NPR News

The Two-Way
6:15 pm
Mon September 22, 2014

French Citizen Is Kidnapped In Algeria By Islamist Splinter Group

A Frenchman was kidnapped by an armed group in Algeria on Sunday, the French government said.

NPR's Eleanor Beardsley reports the man was captured just hours after the Islamic State called on its followers to launch attacks against French citizens.

Eleanor filed this report for our Newscast Unit:

"A video released by a little known Islamist splinter group called the Caliphate Soldiers, shows the Frenchman sitting between two armed men with covered faces. He gives his name and age. He says he's a mountain guide who was taken hostage on Sunday.

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Parallels
4:59 pm
Mon September 22, 2014

Look Out MAVEN, India's Mars Orbiter Is Closing In

Scientists and engineers at the Indian Space Research Organization (ISRO) monitor the Mars Orbiter Mission (MOM) in Bangalore, India on Sept. 15. MOM is expected to enter into Mars orbit on Wednesday.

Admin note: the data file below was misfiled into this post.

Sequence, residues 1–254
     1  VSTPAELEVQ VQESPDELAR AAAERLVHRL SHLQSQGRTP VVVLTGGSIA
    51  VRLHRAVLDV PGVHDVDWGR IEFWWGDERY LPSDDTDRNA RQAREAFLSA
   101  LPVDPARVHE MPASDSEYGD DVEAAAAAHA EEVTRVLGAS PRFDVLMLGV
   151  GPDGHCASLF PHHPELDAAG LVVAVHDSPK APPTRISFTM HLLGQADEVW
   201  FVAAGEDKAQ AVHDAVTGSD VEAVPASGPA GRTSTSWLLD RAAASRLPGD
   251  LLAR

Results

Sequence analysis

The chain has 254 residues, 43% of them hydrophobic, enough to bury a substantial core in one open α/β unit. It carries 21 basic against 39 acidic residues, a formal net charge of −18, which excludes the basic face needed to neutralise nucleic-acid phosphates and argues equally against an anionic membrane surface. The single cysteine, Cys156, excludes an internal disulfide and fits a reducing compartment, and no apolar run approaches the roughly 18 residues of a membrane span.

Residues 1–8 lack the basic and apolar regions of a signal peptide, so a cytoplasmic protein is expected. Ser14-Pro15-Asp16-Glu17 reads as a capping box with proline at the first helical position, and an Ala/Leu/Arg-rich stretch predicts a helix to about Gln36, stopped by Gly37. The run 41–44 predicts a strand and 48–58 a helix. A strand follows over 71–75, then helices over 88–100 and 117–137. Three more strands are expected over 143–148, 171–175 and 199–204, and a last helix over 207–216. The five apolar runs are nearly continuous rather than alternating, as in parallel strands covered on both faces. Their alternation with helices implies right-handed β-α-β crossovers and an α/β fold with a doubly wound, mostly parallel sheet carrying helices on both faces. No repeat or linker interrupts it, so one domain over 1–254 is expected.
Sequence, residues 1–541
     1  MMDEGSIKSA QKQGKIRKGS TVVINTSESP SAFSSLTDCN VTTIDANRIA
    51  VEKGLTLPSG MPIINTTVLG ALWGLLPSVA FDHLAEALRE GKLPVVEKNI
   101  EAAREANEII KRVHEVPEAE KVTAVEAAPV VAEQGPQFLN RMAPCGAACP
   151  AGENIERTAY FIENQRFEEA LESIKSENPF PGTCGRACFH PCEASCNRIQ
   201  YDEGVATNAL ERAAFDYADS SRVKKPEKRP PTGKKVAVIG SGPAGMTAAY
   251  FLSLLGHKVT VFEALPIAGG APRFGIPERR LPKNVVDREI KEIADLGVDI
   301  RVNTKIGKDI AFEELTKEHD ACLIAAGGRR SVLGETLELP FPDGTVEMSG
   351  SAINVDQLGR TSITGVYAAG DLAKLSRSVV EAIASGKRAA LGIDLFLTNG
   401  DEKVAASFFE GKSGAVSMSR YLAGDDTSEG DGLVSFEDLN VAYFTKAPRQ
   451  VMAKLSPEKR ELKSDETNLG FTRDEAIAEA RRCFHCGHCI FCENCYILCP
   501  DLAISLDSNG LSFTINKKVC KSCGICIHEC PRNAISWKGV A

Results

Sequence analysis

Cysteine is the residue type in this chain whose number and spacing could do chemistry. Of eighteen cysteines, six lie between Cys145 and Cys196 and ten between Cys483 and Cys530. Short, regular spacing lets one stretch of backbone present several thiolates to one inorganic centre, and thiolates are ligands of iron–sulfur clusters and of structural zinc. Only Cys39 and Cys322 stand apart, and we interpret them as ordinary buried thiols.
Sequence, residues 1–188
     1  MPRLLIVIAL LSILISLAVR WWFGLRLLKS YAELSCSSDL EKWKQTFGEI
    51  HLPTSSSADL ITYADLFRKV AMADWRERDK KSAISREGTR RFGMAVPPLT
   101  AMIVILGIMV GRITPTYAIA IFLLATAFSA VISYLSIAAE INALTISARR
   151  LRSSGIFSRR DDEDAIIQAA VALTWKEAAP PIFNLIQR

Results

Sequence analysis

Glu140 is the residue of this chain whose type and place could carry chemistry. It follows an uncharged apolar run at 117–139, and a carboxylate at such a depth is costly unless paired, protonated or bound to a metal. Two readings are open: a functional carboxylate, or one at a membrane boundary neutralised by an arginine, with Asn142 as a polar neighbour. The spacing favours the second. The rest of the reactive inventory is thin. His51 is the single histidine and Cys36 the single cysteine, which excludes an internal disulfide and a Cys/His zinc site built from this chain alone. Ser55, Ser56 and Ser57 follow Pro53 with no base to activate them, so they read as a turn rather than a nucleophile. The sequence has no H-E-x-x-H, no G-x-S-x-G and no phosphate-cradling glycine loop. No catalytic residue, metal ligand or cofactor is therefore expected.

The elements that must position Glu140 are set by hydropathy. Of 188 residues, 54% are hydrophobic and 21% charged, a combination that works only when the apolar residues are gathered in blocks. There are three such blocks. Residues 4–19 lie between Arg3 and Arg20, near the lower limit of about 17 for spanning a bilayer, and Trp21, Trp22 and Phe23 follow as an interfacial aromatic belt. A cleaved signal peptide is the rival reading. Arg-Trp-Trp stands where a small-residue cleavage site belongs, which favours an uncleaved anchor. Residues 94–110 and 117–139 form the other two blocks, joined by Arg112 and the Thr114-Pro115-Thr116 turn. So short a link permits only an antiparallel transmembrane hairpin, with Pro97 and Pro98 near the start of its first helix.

Jagadeesh NV Landov

Originally published on Mon September 22, 2014 11:35 pm

Anticipation is building in India over its rendezvous with Mars.

NASA erupted into cheers after confirmation Sunday night that its space probe MAVEN injected into the Martian orbit. NASA's success came two days ahead of a critical engine burn designed to place an Indian spacecraft around the Red Planet, in a project dubbed MOM, Mars Orbiter Mission.

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The Two-Way
4:49 pm
Mon September 22, 2014

Treasury Announces New Steps To Reduce Corporate Tax Dodges

Originally published on Mon September 22, 2014 5:17 pm

The U.S. Treasury announced steps on Monday to reduce the number of American companies who are dodging taxes by moving their parent companies overseas.

"These transactions erode the U.S. tax base, unfairly placing a larger burden on all other taxpayers, including small businesses and hardworking Americans," Treasury said in a statement.